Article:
During World War II, the United States had been transformed into a war state with an economy centered around the military-industrial complex. NSC-68 made this all permanent. By 1953, three-fourths of the entire federal budget became earmarked to national security programs. Defense spending came to equal 18 percent of the nation’s entire gross national product and a full one third of the country’s business activity. In the first two decades of the Cold War, the country put 60 percent of its federal budget into defense spending….

NSC-68 turned the role of the United States in the world into something akin to a global empire backed  by a massive military buildup and a war state….

The logic of global Cold War, though, drew the United States into behaving like an imperial world power….

NSC-68 dictated that world “order” be a new objective of the United States for it to not only wish for but to actively pursue. To do so, the federal government had to go beyond the Constitution and into behaviors such as assassination, coups, sabotage, subversion, and false-flag operations covered by concepts such as plausible deniability outside the normal system of checks and balances or any sort of real congressional oversight.…

In order to justify this unprecedented course for the United States, NSC-68 claimed that the country was in mortal danger from a growing Soviet threat. It argued that in just a few years the Soviet Union would be in a position to overrun Western Europe with conventional forces and obliterate the United States in a surprise atomic attack unless Congress and the president approved new massive defense expenditures. None of these projections about the potential Soviet power had anything to do with reality and most of it was simply made up out of thin air…..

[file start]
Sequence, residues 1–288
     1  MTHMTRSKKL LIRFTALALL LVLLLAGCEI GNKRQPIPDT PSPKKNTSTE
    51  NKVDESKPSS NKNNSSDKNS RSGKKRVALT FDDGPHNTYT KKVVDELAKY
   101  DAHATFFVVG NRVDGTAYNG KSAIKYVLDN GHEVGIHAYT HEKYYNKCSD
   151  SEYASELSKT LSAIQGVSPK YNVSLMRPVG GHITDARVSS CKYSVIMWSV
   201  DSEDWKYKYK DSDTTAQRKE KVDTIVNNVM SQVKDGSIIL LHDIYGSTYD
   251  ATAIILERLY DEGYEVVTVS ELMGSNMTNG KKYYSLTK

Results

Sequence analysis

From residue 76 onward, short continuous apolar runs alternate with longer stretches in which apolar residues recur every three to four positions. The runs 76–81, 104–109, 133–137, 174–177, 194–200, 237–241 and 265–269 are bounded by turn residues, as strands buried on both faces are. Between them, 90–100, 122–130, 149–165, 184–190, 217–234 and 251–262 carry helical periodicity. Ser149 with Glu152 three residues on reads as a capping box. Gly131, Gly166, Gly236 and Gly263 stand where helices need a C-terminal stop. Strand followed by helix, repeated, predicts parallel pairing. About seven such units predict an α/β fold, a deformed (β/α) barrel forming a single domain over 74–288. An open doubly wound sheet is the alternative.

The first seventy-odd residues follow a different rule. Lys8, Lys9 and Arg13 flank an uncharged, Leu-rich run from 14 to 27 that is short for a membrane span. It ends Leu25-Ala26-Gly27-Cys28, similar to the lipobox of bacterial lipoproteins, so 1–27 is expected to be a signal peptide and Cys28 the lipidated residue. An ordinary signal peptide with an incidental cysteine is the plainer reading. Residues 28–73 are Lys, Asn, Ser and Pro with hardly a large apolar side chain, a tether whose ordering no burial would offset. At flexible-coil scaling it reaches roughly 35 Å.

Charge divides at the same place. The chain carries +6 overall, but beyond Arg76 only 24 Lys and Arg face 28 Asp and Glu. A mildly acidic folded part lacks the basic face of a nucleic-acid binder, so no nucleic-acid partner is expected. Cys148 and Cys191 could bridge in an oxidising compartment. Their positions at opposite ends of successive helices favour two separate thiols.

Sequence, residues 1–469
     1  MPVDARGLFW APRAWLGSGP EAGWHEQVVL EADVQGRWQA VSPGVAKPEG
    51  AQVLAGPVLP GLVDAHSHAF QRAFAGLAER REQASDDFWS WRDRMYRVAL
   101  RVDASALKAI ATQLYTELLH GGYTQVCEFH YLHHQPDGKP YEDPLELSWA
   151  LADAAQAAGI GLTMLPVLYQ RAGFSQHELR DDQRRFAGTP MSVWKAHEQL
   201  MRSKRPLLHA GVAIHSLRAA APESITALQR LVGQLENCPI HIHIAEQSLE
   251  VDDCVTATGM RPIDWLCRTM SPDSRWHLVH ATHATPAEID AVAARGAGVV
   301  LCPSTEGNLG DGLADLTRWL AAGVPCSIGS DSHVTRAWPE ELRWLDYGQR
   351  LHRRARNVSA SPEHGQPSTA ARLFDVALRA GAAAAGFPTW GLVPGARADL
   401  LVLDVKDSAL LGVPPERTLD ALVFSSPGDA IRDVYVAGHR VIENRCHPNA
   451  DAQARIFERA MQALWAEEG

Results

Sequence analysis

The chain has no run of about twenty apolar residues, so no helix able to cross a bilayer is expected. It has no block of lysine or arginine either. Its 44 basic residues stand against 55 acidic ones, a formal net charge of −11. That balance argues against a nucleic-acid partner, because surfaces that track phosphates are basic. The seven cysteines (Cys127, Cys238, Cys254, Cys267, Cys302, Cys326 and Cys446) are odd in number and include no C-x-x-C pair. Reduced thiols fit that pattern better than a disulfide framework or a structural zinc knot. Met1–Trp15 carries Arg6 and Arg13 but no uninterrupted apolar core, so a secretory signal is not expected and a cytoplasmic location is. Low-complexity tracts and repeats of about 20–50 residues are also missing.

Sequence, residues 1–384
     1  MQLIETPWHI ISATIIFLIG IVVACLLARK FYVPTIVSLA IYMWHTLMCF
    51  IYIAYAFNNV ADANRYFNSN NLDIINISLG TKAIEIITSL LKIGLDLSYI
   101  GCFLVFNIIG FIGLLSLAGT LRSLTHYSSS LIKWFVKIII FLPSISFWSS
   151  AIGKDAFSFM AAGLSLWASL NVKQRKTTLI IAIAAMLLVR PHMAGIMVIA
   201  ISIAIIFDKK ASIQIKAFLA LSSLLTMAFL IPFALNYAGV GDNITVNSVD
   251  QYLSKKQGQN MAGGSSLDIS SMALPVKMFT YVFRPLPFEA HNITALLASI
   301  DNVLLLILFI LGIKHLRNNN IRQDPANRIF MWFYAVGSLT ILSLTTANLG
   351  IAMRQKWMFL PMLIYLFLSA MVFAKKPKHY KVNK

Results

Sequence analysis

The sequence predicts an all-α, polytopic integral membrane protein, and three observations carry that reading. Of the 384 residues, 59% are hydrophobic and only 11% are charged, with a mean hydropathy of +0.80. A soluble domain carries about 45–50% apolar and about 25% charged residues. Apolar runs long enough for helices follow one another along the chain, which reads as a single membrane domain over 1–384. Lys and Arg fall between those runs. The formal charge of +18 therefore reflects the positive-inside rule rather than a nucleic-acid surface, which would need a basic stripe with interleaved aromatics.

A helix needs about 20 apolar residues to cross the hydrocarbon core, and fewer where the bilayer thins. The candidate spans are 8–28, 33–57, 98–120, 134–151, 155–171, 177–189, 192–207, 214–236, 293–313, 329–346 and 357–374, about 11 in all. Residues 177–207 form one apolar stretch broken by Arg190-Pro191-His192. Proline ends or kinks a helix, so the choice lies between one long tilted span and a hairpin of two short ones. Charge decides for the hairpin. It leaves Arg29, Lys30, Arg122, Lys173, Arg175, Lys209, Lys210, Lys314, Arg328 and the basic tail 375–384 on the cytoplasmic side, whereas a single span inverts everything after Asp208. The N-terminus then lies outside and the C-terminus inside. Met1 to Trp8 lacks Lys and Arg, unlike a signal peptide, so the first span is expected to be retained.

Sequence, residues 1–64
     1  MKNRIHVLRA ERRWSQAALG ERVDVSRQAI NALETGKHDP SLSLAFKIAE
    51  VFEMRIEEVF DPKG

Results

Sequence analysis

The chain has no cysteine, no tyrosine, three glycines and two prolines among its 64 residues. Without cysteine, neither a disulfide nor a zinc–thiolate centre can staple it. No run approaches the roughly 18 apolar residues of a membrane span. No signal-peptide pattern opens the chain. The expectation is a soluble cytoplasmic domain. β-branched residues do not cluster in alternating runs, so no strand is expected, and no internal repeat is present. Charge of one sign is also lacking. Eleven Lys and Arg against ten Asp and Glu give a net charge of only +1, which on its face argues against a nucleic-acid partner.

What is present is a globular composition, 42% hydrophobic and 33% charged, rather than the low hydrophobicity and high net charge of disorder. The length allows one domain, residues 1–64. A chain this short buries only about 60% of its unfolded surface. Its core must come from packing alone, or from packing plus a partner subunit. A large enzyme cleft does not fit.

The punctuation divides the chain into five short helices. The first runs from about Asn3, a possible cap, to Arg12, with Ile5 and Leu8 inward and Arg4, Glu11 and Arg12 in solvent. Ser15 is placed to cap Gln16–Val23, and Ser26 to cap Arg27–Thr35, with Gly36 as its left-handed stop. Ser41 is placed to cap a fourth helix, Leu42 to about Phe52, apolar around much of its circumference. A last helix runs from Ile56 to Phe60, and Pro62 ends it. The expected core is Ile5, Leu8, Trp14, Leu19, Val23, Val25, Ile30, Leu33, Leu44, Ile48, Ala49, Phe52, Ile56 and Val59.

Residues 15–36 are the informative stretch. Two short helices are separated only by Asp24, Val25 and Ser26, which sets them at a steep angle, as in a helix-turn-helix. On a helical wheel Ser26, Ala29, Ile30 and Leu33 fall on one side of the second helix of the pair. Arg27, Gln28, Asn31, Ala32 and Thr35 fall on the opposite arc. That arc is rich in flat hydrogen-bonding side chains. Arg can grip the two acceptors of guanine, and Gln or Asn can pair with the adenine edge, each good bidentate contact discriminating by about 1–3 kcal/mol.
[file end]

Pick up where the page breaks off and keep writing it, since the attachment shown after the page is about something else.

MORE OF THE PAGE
NSC-68 served as a seminal document in the making of US foreign policy. It essentially changed America’s role in the world forever by justifying its transformation into a permanent big-government war state and imperial power. Still, it remained secret from the American people until it became declassified in the 1970s. When the Russians saw it, they could barely believe its exaggerations….

By the end of the 1950s, the transformation of the United States into a war state that began after World War II and was codified in NSC-68 was complete. The United States was formed as a continental democratic republic, but emerged out of the war as a war state with a world empire. As a result power that had once been in the hands of the states and congress flowed into the executive branch of the government. The defense industry generated more profits and the bureaucrats tied to the war state gained more power and influence inside the federal government. Corporate and state power became centralized together in an iron triangle of influence. In 1961, President Dwight Eisenhower gave a farewell address to the nation in which he warned of the power of the “military-industrial complex.”…

Today the military-industrial complex is more powerful than ever and the war state has become a bloated fiscal nightmare intent to engage in seemingly endless and unwinnable wars until the end of time — all on the basis of supposed threats that are even bigger exaggerations than the Soviet threat was ever portrayed to be during the Cold War….

This is a history that very few people know anything about. I wrote this book in the hopes that others would come to know it.

This is an excerpt from The War State: The Cold War Origins of the Military-Industrial Complex and the Power Elite, 1945-1963. Copyright 2013 by Michael Swanson. Reprinted by permission. All rights reserved.

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    Michael Swanson resides in rural Virginia. He received a Masters Degree in history from the University of Virginia and then dropped out of the college’s Ph.D. program to enter the business world. He ran a hedge fund from 2003 until 2006 and runs the website Wallstreetwindow.com.